The key is to do it better than the followers. What the Red Wings did in 1997 worked just as well in 1998. Their 253 goals scored ranked sixth in the league in 1997. They managed 250 in a more defensive league the next season, but that was good for second.
They allowed 197 goals to rank second in the league in 1997, and that forced plenty of their peers to tighten up. They allowed just 194 the next season, which ranked seventh.
Their special teams were solid. The power play finished seventh and then sixth, while their penalty kill ranked fourth and then third.
With so many familiar faces, it is safe to assume that the Penguins should be able to match or beat their 241 goals scored, which ranked third in the league, and their sixth-ranked 199 goals against. Their power play ranked just 16th at the end of the season, but clicked at 20 percent after Mike Sullivan took over. Their penalty kill was solid throughout and their 84.4 percent kill rate ranked fifth in the league.
The Red Wings have the Penguins beat here. They lost defenseman Vladimir Konstantinov after he was involved in a limousine accident following the 1997 Cup victory. He spent several weeks in a coma before pulling through, but he suffered serious head injuries. He would never play hockey again, and his teammates rallied around him.
The team wore patches featuring Konstantinov’s initials along with the word ‘believe’ in both English and Russian. He was still an official member of the team, and when they finally finished off the back-to-back victory, the Russian defenseman was pushed around the ice in his wheelchair with the Cup on his lap.
Some guys have all the luck
The Red Wings had everything that was needed to win: A star in Sergei Fedorov, who put up 20 playoff points, stud defenseman in Nicklas Lidstrom, who some consider the best of all-time, and a great leader in Steve Yzerman, who owned the locker room and had the respect of every player on the team.
They had scoring depth that started with Brendan Shanahan’s 28 regular season goals and four lines that could grind opponents down. There was also the Russian five (or four, because Konstantinov was out). The group of Igor Larionov, Viacheslav Fetisov, Slava Kozlov and Fedorov wowed teams into submission with puck skills, speed and a deadly offensive-zone cycle.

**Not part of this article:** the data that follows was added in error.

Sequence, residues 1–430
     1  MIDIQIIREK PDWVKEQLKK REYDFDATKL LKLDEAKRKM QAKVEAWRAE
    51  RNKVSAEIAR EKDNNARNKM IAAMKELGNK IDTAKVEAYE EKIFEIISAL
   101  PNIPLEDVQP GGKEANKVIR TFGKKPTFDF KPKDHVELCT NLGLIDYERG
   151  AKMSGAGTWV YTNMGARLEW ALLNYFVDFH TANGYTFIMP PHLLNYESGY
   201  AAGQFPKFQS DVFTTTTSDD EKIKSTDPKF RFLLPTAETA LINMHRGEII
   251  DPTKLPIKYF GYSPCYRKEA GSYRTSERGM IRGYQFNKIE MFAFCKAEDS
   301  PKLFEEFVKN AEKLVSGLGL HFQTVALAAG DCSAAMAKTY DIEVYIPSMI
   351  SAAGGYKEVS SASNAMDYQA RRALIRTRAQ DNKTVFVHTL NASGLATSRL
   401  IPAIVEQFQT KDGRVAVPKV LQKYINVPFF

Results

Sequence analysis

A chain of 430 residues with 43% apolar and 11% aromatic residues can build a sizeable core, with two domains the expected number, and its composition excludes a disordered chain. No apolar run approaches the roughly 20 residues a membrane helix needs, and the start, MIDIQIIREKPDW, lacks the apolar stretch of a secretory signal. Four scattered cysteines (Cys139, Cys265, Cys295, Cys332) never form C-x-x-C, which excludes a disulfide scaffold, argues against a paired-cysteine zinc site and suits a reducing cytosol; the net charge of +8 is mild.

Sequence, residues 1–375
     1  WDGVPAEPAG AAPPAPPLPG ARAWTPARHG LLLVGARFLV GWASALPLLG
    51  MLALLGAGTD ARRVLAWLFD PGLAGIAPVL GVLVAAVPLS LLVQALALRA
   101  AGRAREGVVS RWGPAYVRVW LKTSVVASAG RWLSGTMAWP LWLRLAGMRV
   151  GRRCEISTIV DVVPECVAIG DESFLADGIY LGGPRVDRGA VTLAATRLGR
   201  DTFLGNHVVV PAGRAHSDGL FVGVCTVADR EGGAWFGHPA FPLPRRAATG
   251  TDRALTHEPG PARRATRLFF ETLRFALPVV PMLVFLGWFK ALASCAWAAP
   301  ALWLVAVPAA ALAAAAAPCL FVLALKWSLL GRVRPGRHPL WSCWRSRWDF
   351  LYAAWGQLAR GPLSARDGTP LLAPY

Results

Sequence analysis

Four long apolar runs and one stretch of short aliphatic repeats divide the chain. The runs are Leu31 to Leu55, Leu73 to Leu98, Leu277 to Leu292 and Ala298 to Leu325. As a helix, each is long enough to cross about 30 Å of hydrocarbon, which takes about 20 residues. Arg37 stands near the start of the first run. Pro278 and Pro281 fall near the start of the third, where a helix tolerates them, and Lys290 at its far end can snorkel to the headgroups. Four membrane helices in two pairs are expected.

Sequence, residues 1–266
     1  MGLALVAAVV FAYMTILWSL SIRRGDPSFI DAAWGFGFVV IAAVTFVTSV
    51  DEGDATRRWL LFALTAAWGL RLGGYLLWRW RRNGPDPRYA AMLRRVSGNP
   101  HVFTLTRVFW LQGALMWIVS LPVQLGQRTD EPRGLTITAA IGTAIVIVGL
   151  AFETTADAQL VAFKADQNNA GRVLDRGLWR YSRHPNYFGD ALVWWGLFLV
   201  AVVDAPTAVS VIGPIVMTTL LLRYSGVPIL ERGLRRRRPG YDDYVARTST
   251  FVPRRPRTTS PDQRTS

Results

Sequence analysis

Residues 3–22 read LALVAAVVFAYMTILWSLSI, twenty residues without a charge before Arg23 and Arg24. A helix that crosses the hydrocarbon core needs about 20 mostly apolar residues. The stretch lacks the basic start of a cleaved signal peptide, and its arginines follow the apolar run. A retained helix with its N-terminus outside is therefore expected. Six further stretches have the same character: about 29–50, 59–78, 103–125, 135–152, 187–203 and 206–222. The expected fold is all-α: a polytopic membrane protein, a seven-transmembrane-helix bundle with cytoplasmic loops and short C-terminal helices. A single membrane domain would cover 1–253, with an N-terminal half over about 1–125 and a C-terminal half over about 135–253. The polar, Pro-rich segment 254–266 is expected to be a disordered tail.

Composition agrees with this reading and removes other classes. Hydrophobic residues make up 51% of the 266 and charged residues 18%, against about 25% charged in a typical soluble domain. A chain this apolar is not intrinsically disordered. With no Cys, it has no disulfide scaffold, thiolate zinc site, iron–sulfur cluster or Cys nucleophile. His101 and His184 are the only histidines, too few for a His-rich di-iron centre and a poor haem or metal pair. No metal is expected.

There was a great checking line featuring Joey Kocur, Kirk Maltby and Kris Draper, a force in Darren McCarty and a solid, if not spectacular, goaltender in Chris Osgood.
That goaltending spot is one that changed between seasons. Mike Vernon manned the crease the first time around, while his backup Osgood won it in year two.
The Penguins match up well here. They have the leader, who doubles as their superstar, in Sidney Crosby. They have a stud defenseman in Kris Letang and plenty of depth at almost every position. They play solid defensively. Marc-Andre Fleury and Matt Murray give them a goaltending tandem that would turn any general manager in the league green with envy.
There’s also Evgeni Malkin, Patric Hornqvist, and the HBK line.
The Stanley Cup has been won 11 times since the salary cap was implemented, but no team has been able to win back-to-back championships.
It would be folly to think the Penguins could sustain the same level of play that carried them through March, April and the entirety of the playoffs last season for an 82-game schedule, but that’s the luxury of the regular season. It allows a team time to weather any storms, shake off any lingering Cup hangover in October and November as well as get through any injuries.
It sounds simple, but won’t be easy. Defenseman Trevor Daley succinctly summed up the process.
“You’re coming off such a high. It’s going to be tough to get to that level right away. How you become a great team in this league is you have the hunger every night. Teams that are proven winners are usually the greats, the LAs and Chicagos. Pittsburgh is right up there now in that conversation. We’re hungry to do it again.”